Charles W. Pierce, Boynton’s ‘barefoot mailman,’ was the inspiration for this Works Progress Administration mural in the 1930s-’40s. In artworks for the West Palm Beach post office, Stevan Dohanos told the story of James Edward Hamilton, who walked a route along the beach between Lake Worth and Miami. Photo provided by Boynton Beach Historical Society
By Tao Woolfe
The soon-to-be constructed Pierce apartment and retail complex at 115 N. Federal Highway in Boynton Beach is named for the city’s early resident and former Hypoluxo postmaster Charles W. Pierce.
Although he was a prominent businessman, Pierce is best known for serving a short stint in 1888 as one of South Florida’s legendary “barefoot mailmen.”
Also known as “beach walkers,” the mailmen braved more than rain, heat and gloom of night. They regularly walked a 60-mile route from Hypoluxo to Miami, swam across rivers, and hiked through jungle vegetation to deliver the mail, according to historical accounts.
They made $600 a year.
Pierce later delivered mail by boat to the Lake Worth region, owned and operated a dry goods store in Boynton Beach, and became president of the Bank of Boynton Beach.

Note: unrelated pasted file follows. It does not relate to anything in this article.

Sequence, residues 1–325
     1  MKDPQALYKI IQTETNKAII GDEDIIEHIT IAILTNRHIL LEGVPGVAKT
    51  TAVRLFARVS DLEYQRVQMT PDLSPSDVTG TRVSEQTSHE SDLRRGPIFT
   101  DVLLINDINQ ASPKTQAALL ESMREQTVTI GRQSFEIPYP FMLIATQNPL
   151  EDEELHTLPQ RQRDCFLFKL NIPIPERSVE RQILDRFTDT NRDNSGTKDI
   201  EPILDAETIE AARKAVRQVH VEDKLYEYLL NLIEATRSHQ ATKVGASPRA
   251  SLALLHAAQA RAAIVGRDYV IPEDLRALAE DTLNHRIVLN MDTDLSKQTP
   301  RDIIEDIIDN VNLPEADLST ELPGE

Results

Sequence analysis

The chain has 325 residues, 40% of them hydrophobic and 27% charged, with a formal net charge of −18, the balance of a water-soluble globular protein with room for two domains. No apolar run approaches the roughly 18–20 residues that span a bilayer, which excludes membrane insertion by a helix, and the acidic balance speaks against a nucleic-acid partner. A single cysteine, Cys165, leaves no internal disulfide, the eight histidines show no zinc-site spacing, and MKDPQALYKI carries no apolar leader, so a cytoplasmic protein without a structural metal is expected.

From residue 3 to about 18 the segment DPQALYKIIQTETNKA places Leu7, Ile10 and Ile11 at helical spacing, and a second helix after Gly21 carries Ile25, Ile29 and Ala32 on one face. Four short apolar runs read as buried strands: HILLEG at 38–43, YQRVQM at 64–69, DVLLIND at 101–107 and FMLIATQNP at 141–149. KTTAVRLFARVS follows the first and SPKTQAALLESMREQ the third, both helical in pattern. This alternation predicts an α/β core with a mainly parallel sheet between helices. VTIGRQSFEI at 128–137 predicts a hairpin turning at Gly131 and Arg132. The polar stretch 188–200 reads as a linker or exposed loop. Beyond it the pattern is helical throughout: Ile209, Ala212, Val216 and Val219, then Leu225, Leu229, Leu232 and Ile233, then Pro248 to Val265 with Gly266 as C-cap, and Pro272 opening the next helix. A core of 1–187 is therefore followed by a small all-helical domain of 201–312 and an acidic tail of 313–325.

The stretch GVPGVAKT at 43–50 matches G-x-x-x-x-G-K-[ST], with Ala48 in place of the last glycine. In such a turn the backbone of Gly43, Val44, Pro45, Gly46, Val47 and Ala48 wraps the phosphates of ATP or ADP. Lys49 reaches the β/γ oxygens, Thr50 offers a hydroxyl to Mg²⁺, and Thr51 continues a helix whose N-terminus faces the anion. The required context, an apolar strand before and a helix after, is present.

Charles Pierce was the son of Hannibal Dillingham Pierce, who came from Chicago to Florida when it was still wilderness, according to Boynton Beach Historical Society records.
Hannibal Pierce, whose pioneer homestead encompassed 50 acres on Hypoluxo Island, served as both assistant keeper at the Jupiter Lighthouse and at the Orange Grove House of Refuge in Delray Beach — a federal government-sponsored lifesaving station for shipwreck victims.
Much of Charles Pierce’s unpublished manuscript describing early South Florida life was edited by Florida Atlantic University Professor Donald W. Curl and incorporated into the 1981 book Pioneer Life in Southeast Florida.
Pierce was also the inspiration for a children’s book series, The Adventures of Charlie Pierce.
The series was written by Harvey E. Oyer III, whose family sold the Hurricane Alley portion of the new project to the Community Redevelopment Agency and who is a direct descendent of Charles Pierce.
Charles Pierce — also known for leading expeditions through the Everglades — died in